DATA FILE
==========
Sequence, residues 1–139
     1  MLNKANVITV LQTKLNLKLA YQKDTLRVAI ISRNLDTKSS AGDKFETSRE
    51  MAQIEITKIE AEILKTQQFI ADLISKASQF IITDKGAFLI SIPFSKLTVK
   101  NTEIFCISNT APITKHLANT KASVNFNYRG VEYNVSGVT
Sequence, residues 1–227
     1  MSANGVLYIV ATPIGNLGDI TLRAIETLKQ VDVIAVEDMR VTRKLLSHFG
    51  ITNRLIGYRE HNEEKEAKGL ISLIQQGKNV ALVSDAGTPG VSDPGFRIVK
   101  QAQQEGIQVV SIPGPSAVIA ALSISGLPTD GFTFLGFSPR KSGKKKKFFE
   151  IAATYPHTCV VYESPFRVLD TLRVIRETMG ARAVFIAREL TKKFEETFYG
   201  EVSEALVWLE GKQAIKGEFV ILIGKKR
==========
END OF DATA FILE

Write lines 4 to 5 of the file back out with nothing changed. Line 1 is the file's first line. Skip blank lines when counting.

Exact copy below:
   101  NTEIFCISNT APITKHLANT KASVNFNYRG VEYNVSGVT
Sequence, residues 1–227